Despite the limitations of the NPD report, other anecdotal evidence, as well as a new study by Ovum, appears to suggest a slippage in Linux netbook market share. Ovum did not publicly report exact percentages, but reported that the Linux netbook share has dropped considerably in recent months. (However, when it said that, despite the trend toward Windows XP, “Linux's performance in the netbook segment is still outstanding compared to its overall performance in the desktop market,” it would suggest that the Linux market share is probably higher than four percent.) If nothing else, the fact that leading netbook vendors, such as Asus and Acer have recently been announcing high-end netbook models without Linux installs, at least in the U.S., would suggest that the Windows shift is real.
Reasons for the falling share of Linux netbooks may include:
- Growing market — Linux jumped out early with netbooks when Microsoft was looking the other way. Now that Microsoft is interested in the hot-selling devices, it has enormous marketing clout in ensuring that major brands run Windows XP (and eventually Windows 7). As the NPD study reports, “nearly 50 percent of all netbook sales for 2008 occurred in December.” In other words, because Linux was first to the market, its early 25-30 percent share may have been illusory, especially considering that its overall desktop share was pegged recently by Net Applications to be under one percent. With Microsoft recently pushing Windows XP netbooks among hardware partners and retailers, Linux share was bound to go down. Many of the me-too netbooks of late 2008 came from vendors who never install Linux on their computers.
- More affordable XP — As Kenyon notes, Linux competition led Microsoft to deeply discount Windows XP last year, so pricing is no longer such an overwhelming Linux advantage.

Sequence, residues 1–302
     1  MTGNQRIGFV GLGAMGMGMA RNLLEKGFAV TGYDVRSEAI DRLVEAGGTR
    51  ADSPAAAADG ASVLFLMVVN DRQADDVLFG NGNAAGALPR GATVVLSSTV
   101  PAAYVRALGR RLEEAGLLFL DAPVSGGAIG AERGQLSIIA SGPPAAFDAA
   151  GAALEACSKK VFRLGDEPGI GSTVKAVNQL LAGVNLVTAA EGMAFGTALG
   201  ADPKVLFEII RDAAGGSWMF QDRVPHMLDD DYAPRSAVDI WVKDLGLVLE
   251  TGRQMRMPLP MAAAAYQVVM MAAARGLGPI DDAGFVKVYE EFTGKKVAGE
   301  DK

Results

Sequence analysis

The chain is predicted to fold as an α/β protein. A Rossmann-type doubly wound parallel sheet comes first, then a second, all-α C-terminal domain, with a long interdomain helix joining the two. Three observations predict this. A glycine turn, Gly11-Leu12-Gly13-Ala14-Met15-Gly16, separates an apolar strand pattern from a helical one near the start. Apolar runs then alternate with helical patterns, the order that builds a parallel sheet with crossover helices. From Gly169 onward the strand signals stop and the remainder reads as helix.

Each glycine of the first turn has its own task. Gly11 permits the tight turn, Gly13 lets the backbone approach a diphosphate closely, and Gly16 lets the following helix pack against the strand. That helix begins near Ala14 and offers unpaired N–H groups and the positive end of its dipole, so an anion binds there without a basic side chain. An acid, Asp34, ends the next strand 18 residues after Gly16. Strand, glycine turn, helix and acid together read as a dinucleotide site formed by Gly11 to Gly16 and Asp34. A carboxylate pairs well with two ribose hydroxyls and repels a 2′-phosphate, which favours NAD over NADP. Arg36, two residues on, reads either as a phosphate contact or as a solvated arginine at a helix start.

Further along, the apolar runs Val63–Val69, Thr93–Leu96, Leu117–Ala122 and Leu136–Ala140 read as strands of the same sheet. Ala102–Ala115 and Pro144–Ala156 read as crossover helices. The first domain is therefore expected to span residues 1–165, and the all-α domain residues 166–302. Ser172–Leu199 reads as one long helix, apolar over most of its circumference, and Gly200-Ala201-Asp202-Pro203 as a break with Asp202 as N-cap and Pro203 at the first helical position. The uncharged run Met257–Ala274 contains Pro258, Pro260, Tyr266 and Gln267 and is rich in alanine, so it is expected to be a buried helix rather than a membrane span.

- Familiarity — Consumers are more comfortable with the familiar Windows XP than they are with Linux. This is also one reason why they have been hesitant to switch to Vista. With all its quirks, Windows XP, which Microsoft was ready to abandon until the netbook craze hit, is affordable and mature.
- User friendliness — Windows installs for netbooks are almost all Windows XP, whereas Linux installs represent a variety of distros, some of which, like SUSE Linux, have not been optimized for the constrained world of the netbook, nor even for consumers. The rise of consumer friendly distros like Ubuntu is changing the game, but even Ubuntu has a way to go.
- Peripheral support — Consumers still tend to believe that Windows offers far greater peripheral and software support, and do not want to limit their choices with Linux. Compatibility has always been the conversation stopper when it came to the Linux (or Mac) vs. Windows argument, as it could always be argued that Windows offers support for more peripherals and software. Yet, this is true to a lesser degree each year, especially with device support. When Le Blanc claims that Windows supports “3,000 printers, more than 700 digital cameras, more than 240 webcams, and more than 180 digital video cameras,” Kenyon replies that “Ubuntu and most Linux distributions support over 3000 printers, over 1000 digital cameras, and over 200 webcams.”